Linux's Greatest Strength: No One Uses It
An Ubuntu user published a piece on his blog last week about using .desktop files to deliver malware under Gnome and KDE. He exposes a serious problem that serves to remind over-zealous free-software advocates that Linux, like everything else, has flaws. But in a world where Linux market share remains negligible, do these flaws translate to a decline in the actual (rather than theoretical) security of a desktop Linux system?
The attack method outlined by the blogger is pretty straightforward–you don’t need to be a Linux guru to carry it out–and represents a design flaw, rather than a bug, in both Gnome and KDE.
A little background
Briefly, the exploit involves inserting malicious commands into a custom .desktop file, the format used in Ubuntu and Kubuntu to define desktop launchers and auto-start programs. The attacker then tricks a user into double-clicking the .desktop file, which can be disguised to appear innocent. This method can be used to execute arbitrary code, and even without root access, a malicious script can easily ruin someone’s day by deleting personal files, sniffing passwords and so on.
Of course, the attack depends on tricking the user into clicking the malicious file, and is thus not as serious as threats that deploy themselves automatically. Even so, this is a significant vulnerability that developers have known about since 2006 but have failed to address, which is a bit embarrassing to the Linux community.
This exploit dispels the myth (if it ever existed) that Linux is invulnerable to attack because of superior design. It may be better designed than Windows, but it–or, in this case, its most popular desktop environments–clearly have flaws, and developer ambivalence isn’t helping.
But I don’t think that design flaws really matter at this point in the evolution of Linux, because the chief ingredient in Linux security, at least on the desktop, has nothing to do with Unix privilege management. It might not be pleasant to admit, but the reason that no Linux malware has ever been released “into the wild” is not that Linux is impossible to attack. Like anything else, it has holes that can be effectively exploited by anyone with enough motivation and resources.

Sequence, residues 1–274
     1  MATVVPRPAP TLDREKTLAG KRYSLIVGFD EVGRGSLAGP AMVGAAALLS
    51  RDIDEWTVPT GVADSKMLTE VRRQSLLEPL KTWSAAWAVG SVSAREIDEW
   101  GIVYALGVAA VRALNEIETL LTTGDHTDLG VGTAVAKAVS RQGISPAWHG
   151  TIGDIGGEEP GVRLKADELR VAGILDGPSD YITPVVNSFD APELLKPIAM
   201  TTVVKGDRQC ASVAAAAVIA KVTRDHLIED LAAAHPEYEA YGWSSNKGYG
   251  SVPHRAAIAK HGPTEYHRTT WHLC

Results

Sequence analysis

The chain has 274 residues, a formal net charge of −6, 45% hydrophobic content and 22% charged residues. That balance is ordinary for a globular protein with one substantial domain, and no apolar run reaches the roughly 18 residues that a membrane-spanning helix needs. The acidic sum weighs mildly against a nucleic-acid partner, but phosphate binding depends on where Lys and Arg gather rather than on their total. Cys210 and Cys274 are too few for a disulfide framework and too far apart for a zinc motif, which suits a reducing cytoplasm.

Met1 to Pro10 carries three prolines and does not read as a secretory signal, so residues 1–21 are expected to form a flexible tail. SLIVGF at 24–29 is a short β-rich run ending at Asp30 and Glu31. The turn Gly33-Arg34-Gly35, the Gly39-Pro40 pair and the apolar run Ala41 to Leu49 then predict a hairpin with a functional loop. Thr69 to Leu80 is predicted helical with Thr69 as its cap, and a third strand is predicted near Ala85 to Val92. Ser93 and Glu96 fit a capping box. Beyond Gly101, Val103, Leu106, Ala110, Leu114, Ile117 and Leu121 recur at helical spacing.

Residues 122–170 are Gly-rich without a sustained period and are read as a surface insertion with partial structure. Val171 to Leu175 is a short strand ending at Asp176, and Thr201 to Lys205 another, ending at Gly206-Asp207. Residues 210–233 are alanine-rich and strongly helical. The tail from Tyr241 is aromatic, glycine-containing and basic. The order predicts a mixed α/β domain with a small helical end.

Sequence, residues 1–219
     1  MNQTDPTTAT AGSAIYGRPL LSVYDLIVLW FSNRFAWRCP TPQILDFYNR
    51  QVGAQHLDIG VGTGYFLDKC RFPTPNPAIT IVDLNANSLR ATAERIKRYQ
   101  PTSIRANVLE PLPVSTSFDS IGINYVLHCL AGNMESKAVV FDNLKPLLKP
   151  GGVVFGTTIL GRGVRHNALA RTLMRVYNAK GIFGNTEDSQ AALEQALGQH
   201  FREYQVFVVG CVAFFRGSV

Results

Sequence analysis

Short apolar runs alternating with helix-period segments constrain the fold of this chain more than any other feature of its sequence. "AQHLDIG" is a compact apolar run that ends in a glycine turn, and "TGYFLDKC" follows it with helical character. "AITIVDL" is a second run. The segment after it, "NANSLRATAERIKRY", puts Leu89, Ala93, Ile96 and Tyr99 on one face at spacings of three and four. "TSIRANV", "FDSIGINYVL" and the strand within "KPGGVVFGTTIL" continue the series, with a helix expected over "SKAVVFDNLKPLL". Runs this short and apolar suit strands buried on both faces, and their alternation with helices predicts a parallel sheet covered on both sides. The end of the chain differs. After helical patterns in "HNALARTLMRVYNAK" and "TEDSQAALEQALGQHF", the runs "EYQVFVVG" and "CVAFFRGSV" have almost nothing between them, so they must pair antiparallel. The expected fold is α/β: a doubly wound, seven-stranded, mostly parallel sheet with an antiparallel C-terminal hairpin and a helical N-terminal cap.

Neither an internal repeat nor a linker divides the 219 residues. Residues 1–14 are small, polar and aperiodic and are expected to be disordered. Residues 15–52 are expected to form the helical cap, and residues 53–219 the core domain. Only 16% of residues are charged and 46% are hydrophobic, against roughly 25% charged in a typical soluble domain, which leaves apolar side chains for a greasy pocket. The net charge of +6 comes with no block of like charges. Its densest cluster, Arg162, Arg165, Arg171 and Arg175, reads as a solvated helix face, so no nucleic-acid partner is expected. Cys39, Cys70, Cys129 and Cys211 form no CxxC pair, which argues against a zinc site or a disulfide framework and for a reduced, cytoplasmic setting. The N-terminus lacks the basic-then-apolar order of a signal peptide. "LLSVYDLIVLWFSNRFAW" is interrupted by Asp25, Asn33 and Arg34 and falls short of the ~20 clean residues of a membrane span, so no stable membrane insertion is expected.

Rather, obscurity has been the key to keeping desktop Linux secure for the last two decades, and will remain so for the foreseeable future. An operating system that enjoys less than 1% market share on desktop computers doesn’t offer much motivation to attackers. That fact, as much as anything else, is why Ubuntu users can surf and read email with impunity, at least for the time being.
As long as Linux remains unpopular, Ubuntu users have little cause for concern. And let’s not delude ourselves: the Year of the Linux desktop remains beyond the horizon. We’re not going to rival Windows for market share any time soon.
After all, even Macs remain relatively free of malware attacks. The frequency of exploits targeted at them has risen steadily over the last few years; even so, with Apple’s market share currently ten times higher than desktop Linux’s, malware has yet to become a serious issue for most Mac users. This advantage results from the low popularity of Macs, not an ingenious security system.
To preempt some criticism: the argument has often been made that Linux does in fact present a sizable target to crackers because of its popularity on servers. That’s true. But the sorts of exploits aimed at Linux servers don’t translate easily to the desktop. Hacking ssh or Apache daemons isn’t going to get you into the personal computers of many Ubuntu users. You can’t lump server and desktop market share together.
Lack of standardization: an advantage?
The variability of Linux systems is also an asset. Unlike OS X and Windows, desktop Linux is very unpredictable in that the sub-systems upon which it depends are numerous and interchangeable. An attack that works in Gnome and KDE would likely fail under other desktop environments, for example, and an exploit based on flaws in yum, the package manager for Red Hat and Fedora, would be irrelevant to users of Debian-based systems, which use apt.
In many respects, lack of standardization presents a problem for Linux, but when it comes to security, it’s a strength.
It’s time for the free-software community to admit that obscurity and variability, at least as much as careful engineering, are behind Linux’s solid track record on the security front. This doesn’t mean that Linux isn’t better designed in some respects than other operating systems, but implications that it’s somehow immune to flaws are pretentious and fallacious. The free-software community needs to deal honestly by recognizing these facts.